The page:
For a racing flat such as this, this is a pretty common thing in addition to the narrow nature of Salomon. And again, this is a shoe that’s made to go fast and part of that is being able to fly around trails and terrain which requires responsiveness, not only from the sole unit of the shoe but also from parts like the upper.
I would suggest that if you have a wider foot and you do thing that the Pulsar 2 is something that you may want to use for short distances, it’s well worth making sure the sock-like fit works with your feet.
As for sizing, apart from the width aspect – which again, was pretty much perfect FOR ME – the sizing runs pretty true-to-size in my men’s 11. Keep in mind that this racer uses universal sizing.
Salomon S/Lab Pulsar 2 Ride
[My take] It’s easy to say that a shoe like this is made to break records being that it’s one of the lightest trail racers out there. Apart from the materials and such, just why is that?
First, the traction offered up by the Contagrip outsole (again a note: NOT ContRagrip outsole) which in this model has a lower profile lug setup, gave me a lot of confidence in where my feet were landing without being concerned with the material underfoot.
Then there’s the midsole which, with its rockered shape and middle-of-the-road 6mm heel to toe drop, offers a smooth and responsive ride. Now, there are certainly some more ultra-responsive trail running shoes on the market but there’s a lot to be said for allowing the body and the ground to work together in a trail context. Yes, on the smooth, flat stuff the additional boost of a speed-tuned plate would be great but for me, the more technical and agility-requiring trails are well served by a running shoe like this.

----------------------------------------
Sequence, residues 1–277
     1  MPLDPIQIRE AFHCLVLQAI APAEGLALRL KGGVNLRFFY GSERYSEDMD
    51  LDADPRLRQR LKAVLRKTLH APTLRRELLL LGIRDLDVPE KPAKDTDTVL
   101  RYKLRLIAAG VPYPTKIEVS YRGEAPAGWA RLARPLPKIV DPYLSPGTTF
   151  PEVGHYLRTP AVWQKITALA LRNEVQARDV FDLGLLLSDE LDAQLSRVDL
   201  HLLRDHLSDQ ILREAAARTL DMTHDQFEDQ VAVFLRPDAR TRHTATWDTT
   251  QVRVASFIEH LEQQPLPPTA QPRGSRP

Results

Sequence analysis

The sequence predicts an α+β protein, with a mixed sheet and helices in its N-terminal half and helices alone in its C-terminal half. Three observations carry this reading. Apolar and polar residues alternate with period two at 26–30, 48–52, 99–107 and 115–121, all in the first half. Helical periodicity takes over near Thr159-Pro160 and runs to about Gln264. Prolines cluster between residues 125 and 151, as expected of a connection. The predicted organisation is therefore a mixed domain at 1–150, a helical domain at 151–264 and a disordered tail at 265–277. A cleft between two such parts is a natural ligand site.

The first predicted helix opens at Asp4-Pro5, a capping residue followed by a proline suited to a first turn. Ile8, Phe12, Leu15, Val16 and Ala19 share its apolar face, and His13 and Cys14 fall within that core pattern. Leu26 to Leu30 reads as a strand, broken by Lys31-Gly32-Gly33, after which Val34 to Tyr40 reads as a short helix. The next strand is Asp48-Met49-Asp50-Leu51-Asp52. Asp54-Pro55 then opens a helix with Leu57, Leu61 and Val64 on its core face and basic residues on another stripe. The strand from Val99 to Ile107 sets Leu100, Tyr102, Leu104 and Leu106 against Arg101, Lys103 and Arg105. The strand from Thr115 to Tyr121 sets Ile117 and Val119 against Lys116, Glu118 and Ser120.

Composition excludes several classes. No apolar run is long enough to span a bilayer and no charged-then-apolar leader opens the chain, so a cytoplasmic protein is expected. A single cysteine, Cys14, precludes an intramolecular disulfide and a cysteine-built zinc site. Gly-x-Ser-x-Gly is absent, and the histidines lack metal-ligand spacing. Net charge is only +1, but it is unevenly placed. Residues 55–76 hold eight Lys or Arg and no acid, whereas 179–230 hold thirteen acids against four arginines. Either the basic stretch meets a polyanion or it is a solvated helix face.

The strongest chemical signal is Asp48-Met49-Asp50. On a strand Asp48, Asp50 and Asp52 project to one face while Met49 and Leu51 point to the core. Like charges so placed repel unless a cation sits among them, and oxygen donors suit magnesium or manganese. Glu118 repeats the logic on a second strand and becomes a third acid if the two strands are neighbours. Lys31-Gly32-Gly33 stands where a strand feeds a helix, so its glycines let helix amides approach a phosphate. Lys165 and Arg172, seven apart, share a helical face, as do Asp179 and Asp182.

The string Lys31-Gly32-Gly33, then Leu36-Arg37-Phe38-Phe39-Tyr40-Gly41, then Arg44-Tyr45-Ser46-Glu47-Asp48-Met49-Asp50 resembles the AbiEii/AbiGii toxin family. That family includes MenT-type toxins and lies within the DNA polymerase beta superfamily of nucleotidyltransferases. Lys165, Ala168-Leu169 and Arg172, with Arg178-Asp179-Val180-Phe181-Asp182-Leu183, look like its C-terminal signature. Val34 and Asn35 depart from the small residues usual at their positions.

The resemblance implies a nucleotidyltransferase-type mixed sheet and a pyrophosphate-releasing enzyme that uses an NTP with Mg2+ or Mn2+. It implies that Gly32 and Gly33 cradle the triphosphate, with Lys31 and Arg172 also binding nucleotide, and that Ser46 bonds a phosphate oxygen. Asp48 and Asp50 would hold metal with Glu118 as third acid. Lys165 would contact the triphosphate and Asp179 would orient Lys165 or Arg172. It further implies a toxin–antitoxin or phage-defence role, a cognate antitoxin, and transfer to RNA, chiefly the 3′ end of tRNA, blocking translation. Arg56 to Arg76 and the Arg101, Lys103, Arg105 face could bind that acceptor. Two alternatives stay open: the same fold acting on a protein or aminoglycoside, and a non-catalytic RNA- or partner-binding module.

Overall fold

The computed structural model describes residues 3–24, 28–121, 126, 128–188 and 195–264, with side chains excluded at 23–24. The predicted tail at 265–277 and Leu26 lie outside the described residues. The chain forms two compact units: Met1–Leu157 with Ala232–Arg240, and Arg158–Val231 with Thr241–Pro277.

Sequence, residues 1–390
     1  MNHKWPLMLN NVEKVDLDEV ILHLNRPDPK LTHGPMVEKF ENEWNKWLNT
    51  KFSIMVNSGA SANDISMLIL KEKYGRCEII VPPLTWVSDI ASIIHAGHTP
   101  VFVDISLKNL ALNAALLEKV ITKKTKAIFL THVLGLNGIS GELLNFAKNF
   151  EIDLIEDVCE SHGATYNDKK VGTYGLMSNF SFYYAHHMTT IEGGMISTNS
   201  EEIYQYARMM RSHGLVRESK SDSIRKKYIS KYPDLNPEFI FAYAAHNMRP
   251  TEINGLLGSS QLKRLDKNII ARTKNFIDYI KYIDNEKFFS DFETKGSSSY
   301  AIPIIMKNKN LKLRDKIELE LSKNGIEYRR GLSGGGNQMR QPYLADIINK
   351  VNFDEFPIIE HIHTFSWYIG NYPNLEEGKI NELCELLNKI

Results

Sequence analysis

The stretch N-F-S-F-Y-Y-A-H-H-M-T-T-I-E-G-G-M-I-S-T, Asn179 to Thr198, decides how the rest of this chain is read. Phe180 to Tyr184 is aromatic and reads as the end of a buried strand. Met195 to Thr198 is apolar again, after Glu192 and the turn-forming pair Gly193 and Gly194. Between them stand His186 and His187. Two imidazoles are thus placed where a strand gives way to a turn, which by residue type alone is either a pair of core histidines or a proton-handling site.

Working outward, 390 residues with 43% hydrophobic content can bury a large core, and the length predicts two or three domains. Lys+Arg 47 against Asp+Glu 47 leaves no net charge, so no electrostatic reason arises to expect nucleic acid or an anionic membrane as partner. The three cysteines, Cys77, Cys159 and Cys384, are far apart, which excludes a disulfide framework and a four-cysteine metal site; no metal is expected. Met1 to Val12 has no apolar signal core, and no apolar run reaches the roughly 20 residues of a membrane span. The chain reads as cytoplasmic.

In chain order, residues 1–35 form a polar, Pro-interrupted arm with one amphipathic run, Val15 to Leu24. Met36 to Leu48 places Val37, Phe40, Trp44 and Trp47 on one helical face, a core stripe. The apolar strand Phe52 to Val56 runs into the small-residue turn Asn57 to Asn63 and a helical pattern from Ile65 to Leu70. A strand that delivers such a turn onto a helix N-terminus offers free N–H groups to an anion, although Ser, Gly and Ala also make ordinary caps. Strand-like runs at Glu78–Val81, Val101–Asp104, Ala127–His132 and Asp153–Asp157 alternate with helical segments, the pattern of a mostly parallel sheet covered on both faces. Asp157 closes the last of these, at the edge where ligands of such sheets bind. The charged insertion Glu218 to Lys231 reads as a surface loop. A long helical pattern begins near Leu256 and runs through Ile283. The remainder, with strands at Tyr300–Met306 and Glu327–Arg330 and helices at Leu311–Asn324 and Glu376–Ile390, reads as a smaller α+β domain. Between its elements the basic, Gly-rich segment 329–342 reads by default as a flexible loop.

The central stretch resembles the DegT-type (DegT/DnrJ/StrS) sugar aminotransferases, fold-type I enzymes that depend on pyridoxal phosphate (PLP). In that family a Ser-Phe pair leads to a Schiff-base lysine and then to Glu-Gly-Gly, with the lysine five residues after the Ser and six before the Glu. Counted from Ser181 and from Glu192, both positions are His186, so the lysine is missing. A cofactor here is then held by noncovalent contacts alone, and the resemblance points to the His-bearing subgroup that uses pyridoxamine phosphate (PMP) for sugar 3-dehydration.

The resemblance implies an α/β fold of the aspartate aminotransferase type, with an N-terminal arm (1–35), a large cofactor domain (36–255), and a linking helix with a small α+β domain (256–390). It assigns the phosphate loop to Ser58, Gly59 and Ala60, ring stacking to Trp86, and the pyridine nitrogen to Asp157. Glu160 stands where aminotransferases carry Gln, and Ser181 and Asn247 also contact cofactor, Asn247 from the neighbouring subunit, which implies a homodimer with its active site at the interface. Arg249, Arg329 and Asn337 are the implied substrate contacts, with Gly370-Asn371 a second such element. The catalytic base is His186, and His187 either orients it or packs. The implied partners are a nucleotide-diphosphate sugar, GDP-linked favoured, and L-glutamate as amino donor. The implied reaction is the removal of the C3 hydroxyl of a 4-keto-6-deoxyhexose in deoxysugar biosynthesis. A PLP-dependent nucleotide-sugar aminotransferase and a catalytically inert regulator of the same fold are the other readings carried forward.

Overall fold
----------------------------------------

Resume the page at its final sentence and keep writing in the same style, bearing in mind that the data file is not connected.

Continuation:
Finally, while I reviewed the upper above, I’ll add here that the Salomon S/Lab Pulsar 2 has a great upper for me. I say “for me” because the Pulsar 2 may be a tough ask for those wide-footed amongst us. For me, the upper of the shoe compliments the gently locked-in feeling that my foot has with the shoe.
I don’t feel any slipping at all and the compliment to the rocker shape is clear. The Pulsar 2’s upper hugs my foot and remains breathable on hot miles while remaining super lightweight (185g in my size and in what would be the men’s size 9, 178g).
Salomon S/Lab Pulsar 2 Overall
It’s been a minute since I’ve thrown down some speedier trail runs in a Salomon trail shoe (and my definition of “speedier” has definitely changed a bit as well) but this trail running shoe, the Salomon S/Lab Pulsar 2 is a great shoe. Lightweight and quick with a durability which belies its light weight.
At $180, a number of years ago I would have said that this was very pricey but, to be honest, in today’s market that’s not bad. Especially when you consider the speed and durability that you’re getting in a trail racer.
The Salomon S/Lab Pulsar 2 that will be in my lineup for a while (at least until V2 is replaced by V3). Got get some and let us know what you think.
Where to buy
Brandon Wood, Gearist, Marathon, Review, run, Running, running shoes, Salomon Pulsar, Salomon S/Lab Pulsar 2, Salomon S/Lab Pulsar 2 review, trail racer, trail running, trail running shoes